Date: Sunday, 08 October 2017
Start: Camped by the trail at Mile 1315.0, 6673 ft
Finish: Where the PCT crosses Hwy 36 at Mile 1328.8, 5051 ft
Daily Miles: 13.8 PCT
Total PCT Miles: 2649.4
Weather: Cool and sunny
Accommodation: Room at Antler Motel, Chester
Breakfast: Pop tarts
Lunch: Tuna melt & fries, ice-cream
Dinner: Soup, meatloaf & vegetables, cheesecake & ice-cream
Aches: Nothing new
Highlight: Reaching the end of my PCT hike at Hwy 36, having now covered the entire PCT from Mexico to Canada in one season. I felt no temptation to cross the road and continue hiking!
Lowlight: None really
Pictures: Click here
I was hiking by 5:50am on a relatively mild morning, using my headlamp for light. Several times, I could see pairs of eyes through the trees reflecting the light, but each time they darted off as I approached. I suspect they were deer.
The first 90 minutes were spent steadily climbing 1000 ft to 7631 ft near the top of Butt Mountain, with beautiful views of the mountains, particularly Lassen, as they emerged from darkness as the sun rose. From there, it was basically a gradual descent of 2500 ft over the 10 miles remaining to Hwy 36. It was almost entirely in forest apart from the last mile or so that crossed some more open country of volcanic origin. The soil colour changed to orange and there were the usual scoria and aerated rocks. My mood during the descent was almost disbelief. I couldn’t quite get my head around the fact that once I reached the highway, my adventure would be over. It seemed unreal, but welcome nevertheless.
I reached Hwy 36 at 11:45am, took a couple of pictures and started hitchhiking towards Chester, 8 miles away. Within 15 minutes I had a ride, and 30 minutes later I was ordering lunch at the same diner where I had had breakfast three and a half months ago before resuming my hike northwards to Canada. After lunch, I checked into the motel I had booked from Quincy, and then spent the afternoon doing laundry, cleaning gear, and disposing of things I no longer need.
Tomorrow, I catch a 6:30am bus to Susanville, and from there a 9:30am bus to Reno, where I will pick up a rental car in the early afternoon. I will then take a few leisurely days to drive south down the eastern side of the Sierras, contemplating the distance I have walked, eating, and maybe doing some outlet shopping. On Wednesday or Thursday, I will arrive in Orange County (south of Los Angeles) to stay with my daughter-in-law’s parents, Kelly and Sergio, who have been generously storing my pre-hike gear as well as my ever-increasing belongings (things I no longer needed or wanted for hiking, and mailed to them) until my return. I fly out of Los Angeles on Saturday, and arrive in Sydney on Monday, 16 October.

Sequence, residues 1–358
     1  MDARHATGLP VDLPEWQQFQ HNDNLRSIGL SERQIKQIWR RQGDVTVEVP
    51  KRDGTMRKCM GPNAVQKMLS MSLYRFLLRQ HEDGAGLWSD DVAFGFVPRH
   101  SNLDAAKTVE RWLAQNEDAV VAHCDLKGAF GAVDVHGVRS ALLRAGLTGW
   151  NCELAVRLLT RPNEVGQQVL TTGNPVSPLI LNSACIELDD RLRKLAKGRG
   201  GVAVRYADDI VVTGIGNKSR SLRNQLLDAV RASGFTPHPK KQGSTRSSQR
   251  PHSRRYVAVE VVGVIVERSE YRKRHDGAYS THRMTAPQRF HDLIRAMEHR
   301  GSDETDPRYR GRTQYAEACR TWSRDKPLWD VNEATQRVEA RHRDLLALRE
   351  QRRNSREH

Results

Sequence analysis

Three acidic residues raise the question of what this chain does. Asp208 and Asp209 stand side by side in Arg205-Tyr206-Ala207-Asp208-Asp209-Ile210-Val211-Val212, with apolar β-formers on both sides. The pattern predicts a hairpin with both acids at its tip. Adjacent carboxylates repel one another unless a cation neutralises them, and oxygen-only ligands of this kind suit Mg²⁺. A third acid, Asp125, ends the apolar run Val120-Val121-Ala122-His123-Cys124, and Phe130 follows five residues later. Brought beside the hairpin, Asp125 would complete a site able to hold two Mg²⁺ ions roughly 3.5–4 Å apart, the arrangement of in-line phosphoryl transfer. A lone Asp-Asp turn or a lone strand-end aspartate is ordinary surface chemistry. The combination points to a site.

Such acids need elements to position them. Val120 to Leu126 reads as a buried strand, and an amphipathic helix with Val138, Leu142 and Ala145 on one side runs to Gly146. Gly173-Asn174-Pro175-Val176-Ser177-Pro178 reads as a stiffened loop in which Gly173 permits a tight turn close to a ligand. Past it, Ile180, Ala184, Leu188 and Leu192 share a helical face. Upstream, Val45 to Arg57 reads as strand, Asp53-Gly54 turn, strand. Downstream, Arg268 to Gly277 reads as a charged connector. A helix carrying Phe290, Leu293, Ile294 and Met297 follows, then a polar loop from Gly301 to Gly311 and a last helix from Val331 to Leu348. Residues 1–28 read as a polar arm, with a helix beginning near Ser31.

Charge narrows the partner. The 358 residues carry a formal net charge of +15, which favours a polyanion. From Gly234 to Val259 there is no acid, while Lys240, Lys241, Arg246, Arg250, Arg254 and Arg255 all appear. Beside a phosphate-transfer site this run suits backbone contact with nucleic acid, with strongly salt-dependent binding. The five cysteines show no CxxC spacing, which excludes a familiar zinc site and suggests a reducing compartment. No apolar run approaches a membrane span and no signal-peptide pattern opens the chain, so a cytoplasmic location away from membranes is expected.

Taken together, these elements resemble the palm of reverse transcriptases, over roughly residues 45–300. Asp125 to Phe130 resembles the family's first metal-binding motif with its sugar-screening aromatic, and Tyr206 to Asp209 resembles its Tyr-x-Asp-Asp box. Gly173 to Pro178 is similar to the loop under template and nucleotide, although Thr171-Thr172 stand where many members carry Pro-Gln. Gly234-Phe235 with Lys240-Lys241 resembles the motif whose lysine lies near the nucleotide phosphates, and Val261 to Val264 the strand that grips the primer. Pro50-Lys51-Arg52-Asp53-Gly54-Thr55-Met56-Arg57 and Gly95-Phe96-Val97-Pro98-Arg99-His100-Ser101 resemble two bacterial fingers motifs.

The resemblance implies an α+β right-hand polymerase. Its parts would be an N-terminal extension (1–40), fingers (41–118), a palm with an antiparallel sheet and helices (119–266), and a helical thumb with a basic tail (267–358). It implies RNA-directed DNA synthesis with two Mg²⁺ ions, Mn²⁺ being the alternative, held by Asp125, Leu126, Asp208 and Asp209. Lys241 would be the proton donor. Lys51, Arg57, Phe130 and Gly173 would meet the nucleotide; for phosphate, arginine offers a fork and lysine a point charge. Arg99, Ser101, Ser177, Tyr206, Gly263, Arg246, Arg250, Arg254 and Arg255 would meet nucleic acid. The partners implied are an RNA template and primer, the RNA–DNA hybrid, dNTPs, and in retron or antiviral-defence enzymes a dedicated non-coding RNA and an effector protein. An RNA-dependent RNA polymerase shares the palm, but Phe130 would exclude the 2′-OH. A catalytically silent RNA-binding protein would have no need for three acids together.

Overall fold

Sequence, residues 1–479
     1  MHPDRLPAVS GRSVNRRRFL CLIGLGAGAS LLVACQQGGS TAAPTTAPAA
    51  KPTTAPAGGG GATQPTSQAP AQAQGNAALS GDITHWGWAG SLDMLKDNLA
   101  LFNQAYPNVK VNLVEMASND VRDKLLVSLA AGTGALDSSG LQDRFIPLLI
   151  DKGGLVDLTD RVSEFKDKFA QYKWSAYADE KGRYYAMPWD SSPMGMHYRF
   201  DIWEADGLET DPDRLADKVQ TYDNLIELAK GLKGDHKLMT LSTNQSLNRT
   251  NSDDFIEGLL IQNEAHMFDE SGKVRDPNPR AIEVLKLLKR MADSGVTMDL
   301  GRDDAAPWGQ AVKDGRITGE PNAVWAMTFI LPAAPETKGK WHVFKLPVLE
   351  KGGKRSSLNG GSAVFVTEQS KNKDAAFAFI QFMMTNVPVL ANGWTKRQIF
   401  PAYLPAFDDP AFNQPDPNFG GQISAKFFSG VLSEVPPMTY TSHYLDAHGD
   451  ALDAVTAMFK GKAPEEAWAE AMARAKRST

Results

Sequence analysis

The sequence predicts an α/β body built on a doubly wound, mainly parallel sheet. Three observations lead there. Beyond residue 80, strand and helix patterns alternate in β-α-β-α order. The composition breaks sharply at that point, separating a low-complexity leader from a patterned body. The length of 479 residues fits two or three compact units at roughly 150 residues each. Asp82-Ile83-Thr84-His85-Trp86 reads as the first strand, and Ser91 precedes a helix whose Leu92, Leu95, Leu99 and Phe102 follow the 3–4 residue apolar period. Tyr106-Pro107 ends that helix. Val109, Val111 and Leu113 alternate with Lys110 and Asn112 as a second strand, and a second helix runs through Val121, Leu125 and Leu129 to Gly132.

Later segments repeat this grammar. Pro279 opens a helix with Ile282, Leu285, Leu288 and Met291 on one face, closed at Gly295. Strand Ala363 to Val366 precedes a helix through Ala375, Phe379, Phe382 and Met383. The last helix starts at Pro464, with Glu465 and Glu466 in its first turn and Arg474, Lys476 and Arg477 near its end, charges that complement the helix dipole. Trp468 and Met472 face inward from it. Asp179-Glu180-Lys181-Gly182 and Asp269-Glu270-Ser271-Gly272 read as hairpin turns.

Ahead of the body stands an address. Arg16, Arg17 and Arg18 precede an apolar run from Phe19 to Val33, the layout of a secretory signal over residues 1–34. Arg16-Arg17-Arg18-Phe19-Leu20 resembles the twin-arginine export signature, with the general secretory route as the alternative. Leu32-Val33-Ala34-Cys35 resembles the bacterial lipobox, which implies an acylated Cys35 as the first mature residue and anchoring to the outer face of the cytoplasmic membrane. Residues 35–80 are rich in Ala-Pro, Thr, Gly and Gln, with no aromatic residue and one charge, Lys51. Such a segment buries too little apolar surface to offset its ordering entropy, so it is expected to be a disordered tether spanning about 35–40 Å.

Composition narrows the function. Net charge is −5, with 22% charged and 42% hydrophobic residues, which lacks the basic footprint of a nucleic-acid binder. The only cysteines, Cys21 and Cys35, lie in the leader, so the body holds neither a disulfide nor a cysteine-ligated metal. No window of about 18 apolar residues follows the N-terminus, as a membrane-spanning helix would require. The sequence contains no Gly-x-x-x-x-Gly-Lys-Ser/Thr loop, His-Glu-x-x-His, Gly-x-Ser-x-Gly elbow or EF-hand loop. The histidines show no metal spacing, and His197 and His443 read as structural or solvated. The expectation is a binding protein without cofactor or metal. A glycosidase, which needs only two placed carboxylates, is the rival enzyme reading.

The Pacific Crest Trail was everything I had expected, and more, with a couple of surprises thrown in.
The scenery was stunning, and there was rarely a day that wouldn’t justify a day-hike on its own. By the end, I was feeling a bit guilty that I wasn’t appreciating the wonders I was seeing as much as earlier in the hike. My spectacular surrounds were becoming too familiar.
The hiking was hard, physically and sometimes mentally. To complete the 2650 miles in one season is a test of endurance. You necessarily hike 20+ miles most days you are on the trail, or you will be caught by the autumn snows. One PCT hiker described our lives as “hike, eat, sleep”, and that was accurate. Apart from the days in town, I was hiking 12 hours on most days. Age has a lot to do with the physical challenge, and I know from my running carer, that my body doesn’t recover from big exercise days nearly as quickly as it once did. When I hiked the Appalachian Trail 31 years ago, I had only two “zero days”, but for the PCT, I must have had more than twenty. My body also doesn’t move as quickly as it once did, the product of a lifetime of running abuse, which meant more hours hiking.
Luck plays a big part. Several times, I was a hair’s breadth away from serious injury, or worse, but survived to complete the trail. Others didn’t. I also escaped any serious over-use injuries. Many others didn’t. I was lucky with the wildfires, just getting through two parts of the trail before they were closed for extended periods by the authorities. Other fires closed more sections of trail later. Many hikers were stopped, and I felt particularly sorry for those who had toughed out the deep snows of the High Sierras, only to have their dreams of a contiguous thru-hike scuppered by the wildfires.
The big surprise was the weather. I never once had to pack up in the rain, and in total, probably only experienced a day’s worth of drizzle, sleet or snow in the whole time I was hiking. I did have to set up camp while it was snowing lightly a few times, but that wasn’t a big deal. There are few places in the world where you could hike for nearly six months in almost perfect weather. The wildfires were also a surprise, and they were particularly bad this year, but as noted above, didn’t really affect my hike.
I’m heading home now, uncertain of whether I will attempt another long self-supported backpacking hike. The end-to-end Te Araroa trail in New Zealand has been on my radar for a while, but just now seems like too much effort for my ageing body. Trails where I can stay in hostels, B&B’s and alpine huts (Europe), carrying much less weight, have more appeal, as do shorter hiking trails in Australia such as Bibbulmun and Heysen. Not that the latter are short, there just isn’t the same seasonal time pressure as for the PCT, so they can be hiked at a more leisurely pace.
Anyway, in the short-term, I’m looking forward to catching up with family and friends and will leave planning the next adventure until the new year. I would like to thank all of those people who sent me messages during the hike, particularly in the middle stages when my mood was down. Most weren’t answered because of time pressure, but they were all very much appreciated.